Charles Dickens

I would tell

him before breakfast. I would dress at once and go to his room and

surprise him; for, it was the first day I had been up early. I went

to his room, and he was not there. Not only was he not there, but

his box was gone.

I hurried then to the breakfast-table, and on it found a letter.

These were its brief contents.

"Not wishful to intrude I have departured fur you are well again

dear Pip and will do better without JO.

"P.S. Ever the best of friends."

Enclosed in the letter, was a receipt for the debt and costs on

which I had been arrested. Down to that moment I had vainly

supposed that my creditor had withdrawn or suspended proceedings

until I should be quite recovered. I had never dreamed of Joe's

having paid the money; but, Joe had paid it, and the receipt was in

his name.

What remained for me now, but to follow him to the dear old forge,

and there to have out my disclosure to him, and my penitent

remonstrance with him, and there to relieve my mind and heart of

that reserved Secondly, which had begun as a vague something

lingering in my thoughts, and had formed into a settled purpose?

The purpose was, that I would go to Biddy, that I would show her

how humbled and repentant I came back, that I would tell her how I

had lost all I once hoped for, that I would remind her of our old

confidences in my first unhappy time. Then, I would say to her,

"Biddy, I think you once liked me very well, when my errant heart,

even while it strayed away from you, was quieter and better with

you than it ever has been since. If you can like me only half as

well once more, if you can take me with all my faults and

disappointments on my head, if you can receive me like a forgiven

child (and indeed I am as sorry, Biddy, and have as much need of a

hushing voice and a soothing hand), I hope I am a little worthier

of you that I was - not much, but a little. And, Biddy, it shall

rest with you to say whether I shall work at the forge with Joe, or

whether I shall try for any different occupation down in this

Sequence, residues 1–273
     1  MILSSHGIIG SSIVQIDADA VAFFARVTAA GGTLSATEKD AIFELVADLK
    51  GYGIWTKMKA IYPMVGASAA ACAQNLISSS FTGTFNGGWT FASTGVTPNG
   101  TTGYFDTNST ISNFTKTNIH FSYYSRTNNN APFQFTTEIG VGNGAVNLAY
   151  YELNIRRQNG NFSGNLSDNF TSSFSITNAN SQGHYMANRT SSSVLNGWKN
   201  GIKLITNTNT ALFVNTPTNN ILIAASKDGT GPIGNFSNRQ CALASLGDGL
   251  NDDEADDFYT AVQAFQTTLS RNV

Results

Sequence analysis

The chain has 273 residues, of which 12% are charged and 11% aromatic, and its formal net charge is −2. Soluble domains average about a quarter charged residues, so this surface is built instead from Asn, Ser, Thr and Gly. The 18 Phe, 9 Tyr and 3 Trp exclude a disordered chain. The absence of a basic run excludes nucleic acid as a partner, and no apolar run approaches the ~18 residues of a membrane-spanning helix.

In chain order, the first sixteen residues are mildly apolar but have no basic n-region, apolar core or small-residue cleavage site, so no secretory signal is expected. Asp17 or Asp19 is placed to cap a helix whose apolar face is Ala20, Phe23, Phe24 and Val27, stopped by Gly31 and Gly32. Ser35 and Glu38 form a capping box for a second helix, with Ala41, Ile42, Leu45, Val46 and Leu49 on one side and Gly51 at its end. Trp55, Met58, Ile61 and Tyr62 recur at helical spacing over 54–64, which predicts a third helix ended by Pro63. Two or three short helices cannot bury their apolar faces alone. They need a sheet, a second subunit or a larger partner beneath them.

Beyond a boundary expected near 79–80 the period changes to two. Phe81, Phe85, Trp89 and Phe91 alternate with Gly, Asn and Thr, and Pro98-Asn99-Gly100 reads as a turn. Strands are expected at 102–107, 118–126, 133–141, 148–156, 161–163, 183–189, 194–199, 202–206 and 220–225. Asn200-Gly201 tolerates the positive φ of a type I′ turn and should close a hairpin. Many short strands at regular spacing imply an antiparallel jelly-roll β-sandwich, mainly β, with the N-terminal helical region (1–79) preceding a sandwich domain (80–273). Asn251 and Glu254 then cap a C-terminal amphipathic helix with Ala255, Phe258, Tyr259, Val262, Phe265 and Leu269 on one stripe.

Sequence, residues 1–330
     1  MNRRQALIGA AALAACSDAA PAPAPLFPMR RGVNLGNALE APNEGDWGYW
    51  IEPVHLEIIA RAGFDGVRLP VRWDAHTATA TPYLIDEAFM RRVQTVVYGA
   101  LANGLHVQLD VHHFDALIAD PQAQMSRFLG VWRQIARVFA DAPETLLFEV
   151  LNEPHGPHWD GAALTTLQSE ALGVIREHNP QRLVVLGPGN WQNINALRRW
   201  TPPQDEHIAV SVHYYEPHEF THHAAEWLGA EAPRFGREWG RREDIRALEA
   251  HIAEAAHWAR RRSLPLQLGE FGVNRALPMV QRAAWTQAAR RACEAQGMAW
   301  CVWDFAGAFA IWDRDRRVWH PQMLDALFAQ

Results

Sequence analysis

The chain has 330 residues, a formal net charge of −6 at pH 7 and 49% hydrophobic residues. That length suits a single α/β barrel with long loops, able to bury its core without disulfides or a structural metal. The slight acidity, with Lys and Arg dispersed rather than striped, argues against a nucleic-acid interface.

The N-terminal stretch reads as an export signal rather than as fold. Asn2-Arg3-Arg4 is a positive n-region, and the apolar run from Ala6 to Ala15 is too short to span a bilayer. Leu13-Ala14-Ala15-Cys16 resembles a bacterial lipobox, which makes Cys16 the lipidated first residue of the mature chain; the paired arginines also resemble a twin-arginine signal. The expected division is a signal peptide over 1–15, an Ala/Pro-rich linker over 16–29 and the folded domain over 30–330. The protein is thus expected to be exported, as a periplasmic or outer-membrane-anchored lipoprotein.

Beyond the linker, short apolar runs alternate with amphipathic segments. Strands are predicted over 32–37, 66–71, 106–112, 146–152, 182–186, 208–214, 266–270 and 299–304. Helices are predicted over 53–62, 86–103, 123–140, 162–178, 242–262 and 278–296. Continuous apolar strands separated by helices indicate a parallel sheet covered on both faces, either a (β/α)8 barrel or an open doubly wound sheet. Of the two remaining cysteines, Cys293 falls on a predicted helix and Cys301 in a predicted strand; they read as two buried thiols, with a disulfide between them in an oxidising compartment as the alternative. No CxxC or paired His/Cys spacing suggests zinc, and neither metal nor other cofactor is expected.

country, or whether we shall go away to a distant place where an

opportunity awaits me, which I set aside when it was offered, until

I knew your answer. And now, dear Biddy, if you can tell me that

you will go through the world with me, you will surely make it a

better world for me, and me a better man for it, and I will try

hard to make it a better world for you."

Such was my purpose. After three days more of recovery, I went down

to the old place, to put it in execution; and how I sped in it, is

all I have left to tell.

Chapter 58

The tidings of my high fortunes having had a heavy fall, had got

down to my native place and its neighbourhood, before I got there.

I found the Blue Boar in possession of the intelligence, and I

found that it made a great change in the Boar's demeanour. Whereas

the Boar had cultivated my good opinion with warm assiduity when I

was coming into property, the Boar was exceedingly cool on the

subject now that I was going out of property.

It was evening when I arrived, much fatigued by the journey I had

so often made so easily. The Boar could not put me into my usual

bedroom, which was engaged (probably by some one who had

expectations), and could only assign me a very indifferent chamber

among the pigeons and post-chaises up the yard. But, I had as sound

a sleep in that lodging as in the most superior accommodation the

Boar could have given me, and the quality of my dreams was about

the same as in the best bedroom.

Early in the morning while my breakfast was getting ready, I

strolled round by Satis House. There were printed bills on the

gate, and on bits of carpet hanging out of the windows, announcing

a sale by auction of the Household Furniture and Effects, next

week. The House itself was to be sold as old building materials and

pulled down. LOT 1 was marked in whitewashed knock-knee letters on

the brew house; LOT 2 on that part of the main building which had

been so long shut up.